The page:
See also the Seagull Aircraft of Santa Monica, California related topics menu.
The ‘official organ’ of the (UK) National Hang Gliding Association was the Illustrated Monthly Flypaper. The September 1974 edition contained a report and photos of an early British hang gliding competition held at Cam Long in Shropshire.
The 1974 US nationals were held at Escape Country, California, in late December 1974 and early January 1975. In the flex-wing (Rogallo) class, Bob Wills won first place, Chris Wills second, and Chris Price third, all flying Swallowtails.
For a painting based on the sunset photo, see under External links later on this page.
Prizes for professional contests are climbing into the thousands of dollars.
— Don Dedera(2)
See Dave Cronk, Bob Lovejoy, and the Quicksilver in Cronk works.
See the related topics menu Ultralight Products of California and Utah.
While Hang Glider magazine featured the color photos of Leroy Grannis, Wings Unlimited, based in Topeka, Kansas, showed mainly color photos by W.A. Allen. The cover photo here is of the prototype Dragonfly, likely with its designer Roy Haggard aboard.
As a boy, Jim sometimes hiked to the top of Saddleback Mountain. “It’s a funny thing about that,” he muses, “When I got to the top, I used to wish there was some way I could fly back down. Who would have thought people would some day be doing it?”
— Maralys Wills (mother of the manufacturer Wills Wing) quoting Escape Country entrepreneur and hang glider pilot Jim Robinson in Ground Skimmer, August 1973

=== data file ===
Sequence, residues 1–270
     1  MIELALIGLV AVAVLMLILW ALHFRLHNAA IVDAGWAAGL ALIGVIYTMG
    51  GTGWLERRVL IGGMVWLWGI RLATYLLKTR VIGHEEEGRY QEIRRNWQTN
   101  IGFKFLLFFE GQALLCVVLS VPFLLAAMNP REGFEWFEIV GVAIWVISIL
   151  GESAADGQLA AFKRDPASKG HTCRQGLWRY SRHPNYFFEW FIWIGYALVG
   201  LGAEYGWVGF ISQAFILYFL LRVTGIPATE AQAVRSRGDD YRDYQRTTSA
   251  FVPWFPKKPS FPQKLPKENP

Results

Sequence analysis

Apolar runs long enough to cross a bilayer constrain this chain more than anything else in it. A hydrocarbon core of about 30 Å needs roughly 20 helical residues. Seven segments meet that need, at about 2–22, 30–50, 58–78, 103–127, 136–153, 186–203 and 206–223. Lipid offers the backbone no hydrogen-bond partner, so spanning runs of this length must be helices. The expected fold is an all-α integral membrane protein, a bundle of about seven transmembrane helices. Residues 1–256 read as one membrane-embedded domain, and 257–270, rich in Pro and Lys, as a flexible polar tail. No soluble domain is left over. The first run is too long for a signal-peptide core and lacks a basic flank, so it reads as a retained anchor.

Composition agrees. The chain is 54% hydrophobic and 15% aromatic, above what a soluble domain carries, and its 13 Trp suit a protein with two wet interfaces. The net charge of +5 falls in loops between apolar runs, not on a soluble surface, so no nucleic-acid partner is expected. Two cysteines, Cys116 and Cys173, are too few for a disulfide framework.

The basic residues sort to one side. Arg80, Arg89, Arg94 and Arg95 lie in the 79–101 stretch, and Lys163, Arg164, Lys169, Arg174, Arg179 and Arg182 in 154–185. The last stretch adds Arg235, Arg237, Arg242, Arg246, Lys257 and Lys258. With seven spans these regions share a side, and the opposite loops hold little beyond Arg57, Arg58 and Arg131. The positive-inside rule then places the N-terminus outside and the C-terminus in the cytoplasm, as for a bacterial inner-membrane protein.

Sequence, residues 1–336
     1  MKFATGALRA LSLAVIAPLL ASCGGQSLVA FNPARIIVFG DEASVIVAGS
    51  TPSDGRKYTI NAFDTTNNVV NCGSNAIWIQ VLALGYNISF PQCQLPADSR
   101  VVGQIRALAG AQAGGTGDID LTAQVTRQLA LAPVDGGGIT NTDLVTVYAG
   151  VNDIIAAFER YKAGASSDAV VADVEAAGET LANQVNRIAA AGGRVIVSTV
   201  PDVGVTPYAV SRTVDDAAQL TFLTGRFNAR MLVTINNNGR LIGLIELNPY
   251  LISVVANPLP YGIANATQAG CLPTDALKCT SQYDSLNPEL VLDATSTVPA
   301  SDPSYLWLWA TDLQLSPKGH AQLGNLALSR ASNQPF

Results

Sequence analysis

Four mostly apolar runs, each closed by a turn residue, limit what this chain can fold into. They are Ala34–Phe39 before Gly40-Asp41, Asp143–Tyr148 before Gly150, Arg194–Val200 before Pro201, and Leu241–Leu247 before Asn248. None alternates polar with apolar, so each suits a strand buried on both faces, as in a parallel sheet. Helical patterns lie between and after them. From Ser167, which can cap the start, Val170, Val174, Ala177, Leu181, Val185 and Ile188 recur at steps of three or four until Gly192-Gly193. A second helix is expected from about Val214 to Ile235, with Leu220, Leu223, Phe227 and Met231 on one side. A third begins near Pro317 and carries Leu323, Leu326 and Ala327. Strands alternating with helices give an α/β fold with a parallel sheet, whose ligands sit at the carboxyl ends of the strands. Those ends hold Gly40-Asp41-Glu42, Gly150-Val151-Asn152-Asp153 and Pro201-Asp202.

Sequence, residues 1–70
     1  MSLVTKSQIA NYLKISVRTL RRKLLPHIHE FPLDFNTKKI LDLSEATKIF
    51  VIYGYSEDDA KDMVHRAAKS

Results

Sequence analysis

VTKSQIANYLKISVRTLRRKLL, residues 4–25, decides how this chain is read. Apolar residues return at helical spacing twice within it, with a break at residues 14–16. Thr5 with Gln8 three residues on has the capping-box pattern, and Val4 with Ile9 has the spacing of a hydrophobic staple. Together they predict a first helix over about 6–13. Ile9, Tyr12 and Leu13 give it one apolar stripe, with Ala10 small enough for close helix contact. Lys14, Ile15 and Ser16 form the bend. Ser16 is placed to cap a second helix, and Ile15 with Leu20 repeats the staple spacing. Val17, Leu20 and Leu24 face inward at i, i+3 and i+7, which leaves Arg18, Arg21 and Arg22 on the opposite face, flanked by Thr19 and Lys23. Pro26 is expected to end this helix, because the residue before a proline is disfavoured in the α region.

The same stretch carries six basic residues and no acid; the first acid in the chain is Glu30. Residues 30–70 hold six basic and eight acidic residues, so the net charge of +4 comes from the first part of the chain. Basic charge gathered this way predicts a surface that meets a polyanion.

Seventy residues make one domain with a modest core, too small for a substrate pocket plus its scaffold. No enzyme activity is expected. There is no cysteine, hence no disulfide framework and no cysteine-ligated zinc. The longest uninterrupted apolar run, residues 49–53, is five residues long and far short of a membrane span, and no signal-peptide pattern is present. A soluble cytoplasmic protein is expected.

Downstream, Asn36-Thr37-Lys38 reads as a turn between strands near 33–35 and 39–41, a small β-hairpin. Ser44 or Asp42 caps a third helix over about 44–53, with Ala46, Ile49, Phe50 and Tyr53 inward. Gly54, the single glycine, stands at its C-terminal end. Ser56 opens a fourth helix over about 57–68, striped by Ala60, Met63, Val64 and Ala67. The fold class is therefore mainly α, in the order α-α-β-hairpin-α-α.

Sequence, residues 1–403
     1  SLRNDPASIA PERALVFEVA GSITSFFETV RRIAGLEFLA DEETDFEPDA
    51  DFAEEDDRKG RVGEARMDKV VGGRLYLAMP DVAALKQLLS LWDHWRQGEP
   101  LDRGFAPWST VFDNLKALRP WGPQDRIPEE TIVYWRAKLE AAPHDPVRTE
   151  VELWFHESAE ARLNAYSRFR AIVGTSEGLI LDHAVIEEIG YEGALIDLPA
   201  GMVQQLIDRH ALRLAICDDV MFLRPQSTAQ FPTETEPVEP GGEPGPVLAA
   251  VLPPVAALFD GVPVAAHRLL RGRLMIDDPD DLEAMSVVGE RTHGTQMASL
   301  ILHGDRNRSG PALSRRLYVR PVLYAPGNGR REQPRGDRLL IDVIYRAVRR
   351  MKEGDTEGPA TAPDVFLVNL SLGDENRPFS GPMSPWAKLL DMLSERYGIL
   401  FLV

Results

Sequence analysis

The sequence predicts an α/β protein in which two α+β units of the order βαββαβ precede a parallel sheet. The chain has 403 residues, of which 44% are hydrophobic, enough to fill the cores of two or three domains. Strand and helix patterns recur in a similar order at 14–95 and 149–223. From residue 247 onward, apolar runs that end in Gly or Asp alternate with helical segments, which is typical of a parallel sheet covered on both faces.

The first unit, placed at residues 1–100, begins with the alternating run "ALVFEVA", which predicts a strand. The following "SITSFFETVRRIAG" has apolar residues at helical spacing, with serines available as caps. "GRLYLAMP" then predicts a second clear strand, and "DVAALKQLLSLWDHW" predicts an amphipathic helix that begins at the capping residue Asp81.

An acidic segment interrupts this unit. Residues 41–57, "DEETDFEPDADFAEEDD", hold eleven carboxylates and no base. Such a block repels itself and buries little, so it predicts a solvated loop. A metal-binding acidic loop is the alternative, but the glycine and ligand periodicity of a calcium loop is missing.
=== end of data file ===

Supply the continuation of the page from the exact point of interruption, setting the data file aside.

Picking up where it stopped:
The ‘surfing model’ of hang gliding in southern California, when top-to-bottom flights were the norm, naturally lent itself to the concept of the flight park, much like the motocross park. Indeed, the winner of the 1974 U.S. nationals, Bob Wills, was a motocross racer as was 1974 British champion Brian Wood, along with some other notable hang gliding Brits including Ken Messenger and Len Hull.
Escape Country featured a motocross track, as did nearby Saddleback Park, both of which were also hang gliding competition venues. Note MX racing Sundays under Bicycling. This was an early manifestation of BMX racing.
However, the ‘surfing model’ of hang gliding was becoming an outdated concept. Hang gliders were already starting to fly cross country, thus escaping the confines of venues like Escape Country.
This topic continues in Hang gliding 1974 part 4.
Film taken at the Escape Country Annie Green Springs event (Dave Cronk narrating) in Big Blue Sky, 2008, by Bill Liscomb on YouTube starting at 27 minutes 47 seconds
Revisiting Escape Country launch zones 2016 on the US Hawks forum
Swallowtail in Painted history of hang glider design part 1 on Brave guys and beautiful dolls for a painting based on the Leroy Grannis sunset photo at Escape Country
Taras Kiceniuk flying his Icarus 5 at the Escape Country Annie Green Springs event in Big Blue Sky, 2008, by Bill Liscomb on YouTube starting at 38 minutes 19 seconds
External links to photos by Jack
These exceptionally clear color photos are by ‘Jack’ in this topic on the hangliding.org forum:
Icarus V on display with its structure exposed
Swallowtail landing on the target. This side view shows the low billow of the Swallowtail compared to the standard Rogallo.
Transporting an Icarus 5 on a truck
1. Graham Deegan’s Seagull III copy: Gib Eggen writing in Whole Air, April 1986
2: Hang Gliding: The Flyingest Flying by Don Dedera and Stephen McCarroll, 1975